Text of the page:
The Project Description should outline the general plan of work, including the broad design of activities to be undertaken, and, where appropriate, provide a clear description of experimental methods and procedures. Proposers should address what they want to do, why they want to do it, how they plan to do it, how they will know if they succeed, and what benefits could accrue if the project is successful. The project activities may be based on previously established and/or innovative methods and approaches, but in either case must be well justified. These issues apply to both the technical aspects of the proposal and the way in which the project may make broader contributions.

Broader Impact

The Project Description also must contain, as a separate section within the narrative, a section labeled "Broader Impacts". This section should provide a discussion of the broader impacts of the proposed activities. Broader impacts may be accomplished through the research itself, through the activities that are directly related to specific research projects, or through activities that are supported by, but are complementary to the project. NSF values the advancement of scientific knowledge and activities that contribute to the achievement of societally relevant outcomes. Such outcomes include, but are not limited to: full participation of women, persons with disabilities, and underrepresented minorities in science, technology, engineering, and mathematics (STEM); improved STEM education and educator development at any level; increased public scientific literacy and public engagement with science and technology; improved well-being of individuals in society; development of a diverse, globally competitive STEM workforce; increased partnerships between academia, industry, and others; improved national security; increased economic competitiveness of the U.S.; and enhanced infrastructure for research and education.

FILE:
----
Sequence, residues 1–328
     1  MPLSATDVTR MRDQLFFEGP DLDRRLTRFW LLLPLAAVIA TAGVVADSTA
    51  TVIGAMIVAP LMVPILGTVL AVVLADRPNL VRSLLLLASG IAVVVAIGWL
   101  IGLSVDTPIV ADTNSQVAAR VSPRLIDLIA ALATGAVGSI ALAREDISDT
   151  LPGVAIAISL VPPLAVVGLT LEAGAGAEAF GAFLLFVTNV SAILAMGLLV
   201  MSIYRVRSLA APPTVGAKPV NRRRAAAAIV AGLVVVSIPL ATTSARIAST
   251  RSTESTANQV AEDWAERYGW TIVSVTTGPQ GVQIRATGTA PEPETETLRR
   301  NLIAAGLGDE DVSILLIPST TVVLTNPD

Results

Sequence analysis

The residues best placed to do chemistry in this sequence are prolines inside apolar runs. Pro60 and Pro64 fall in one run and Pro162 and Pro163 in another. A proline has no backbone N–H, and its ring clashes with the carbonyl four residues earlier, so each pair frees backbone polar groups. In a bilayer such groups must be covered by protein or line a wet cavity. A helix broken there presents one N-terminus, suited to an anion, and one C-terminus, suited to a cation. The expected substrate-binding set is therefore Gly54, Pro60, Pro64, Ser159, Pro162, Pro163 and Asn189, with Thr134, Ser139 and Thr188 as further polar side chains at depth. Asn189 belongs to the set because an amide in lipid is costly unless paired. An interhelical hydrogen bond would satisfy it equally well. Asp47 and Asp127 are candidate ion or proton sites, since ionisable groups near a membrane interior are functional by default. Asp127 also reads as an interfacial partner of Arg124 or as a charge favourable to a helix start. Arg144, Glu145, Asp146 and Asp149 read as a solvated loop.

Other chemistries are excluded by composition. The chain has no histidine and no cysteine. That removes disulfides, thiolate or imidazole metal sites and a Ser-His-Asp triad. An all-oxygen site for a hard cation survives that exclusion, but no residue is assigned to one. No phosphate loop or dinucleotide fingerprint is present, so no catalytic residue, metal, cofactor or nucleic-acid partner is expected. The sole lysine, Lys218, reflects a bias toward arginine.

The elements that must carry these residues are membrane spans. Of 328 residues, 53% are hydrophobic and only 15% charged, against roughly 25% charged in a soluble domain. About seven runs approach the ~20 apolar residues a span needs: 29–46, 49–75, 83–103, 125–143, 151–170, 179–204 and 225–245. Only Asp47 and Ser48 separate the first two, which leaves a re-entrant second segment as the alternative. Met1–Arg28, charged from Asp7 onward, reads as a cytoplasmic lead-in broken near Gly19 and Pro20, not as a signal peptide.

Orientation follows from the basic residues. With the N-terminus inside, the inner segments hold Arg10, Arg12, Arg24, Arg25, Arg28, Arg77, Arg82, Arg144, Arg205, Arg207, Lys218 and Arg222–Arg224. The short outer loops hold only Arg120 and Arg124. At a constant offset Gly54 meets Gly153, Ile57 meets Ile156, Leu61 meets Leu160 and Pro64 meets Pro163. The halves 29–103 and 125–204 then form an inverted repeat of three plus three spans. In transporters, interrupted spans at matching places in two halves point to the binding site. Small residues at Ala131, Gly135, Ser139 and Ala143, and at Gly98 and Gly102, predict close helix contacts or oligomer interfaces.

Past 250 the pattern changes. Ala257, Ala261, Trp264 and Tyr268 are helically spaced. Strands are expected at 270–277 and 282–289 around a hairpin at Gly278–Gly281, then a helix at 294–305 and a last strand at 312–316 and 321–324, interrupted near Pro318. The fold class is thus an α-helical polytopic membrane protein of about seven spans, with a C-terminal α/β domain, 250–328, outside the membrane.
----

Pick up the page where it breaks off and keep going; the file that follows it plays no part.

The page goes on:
The Short Version

I think about it like this: intellectual merit is the "contribution" part of a potential publication or set of publications; broader impact is what administrators would like you to talk with the media team about so they can make a press release about how their people/funding are/is making the world a better place. In other words, the merit is the work itself and its findings, and the impact is what the effect would be on some defined portion of society if you succeeded in doing what you propose.

Both parts should be about what you are specifically proposing to do now (the thing the proposal will fund, and preferably with early results to support some claims), and should be deeply and believably connected to the research you are proposing. The farther out and more vaguely connected it is, the less compelling and believable it is likely to sound. "These findings could be built on to eventually obtain world peace in the next millennia" is not very compelling, for example.

Grandiose claims of widespread benefits must trade-off against believability and practicality. The more people you could help, in science and outside in general society, the better - but you should make the link very explicit and clear.

My source for the above is being involved with a few proposals in preparation, extensive reading of NSF program materials, preparing and succeeding with a fellowship proposal, and being involved with a few grant processes that were modeled off NSF criteria in the general area of technology/engineering/psychology. If you see any disagreement between my opinion and official NSF program materials, believe the NSF materials over me.

| improve this answer | |

Your Answer

By clicking “Post Your Answer”, you agree to our terms of service, privacy policy and cookie policy

Not the answer you're looking for? Browse other questions tagged or ask your own question.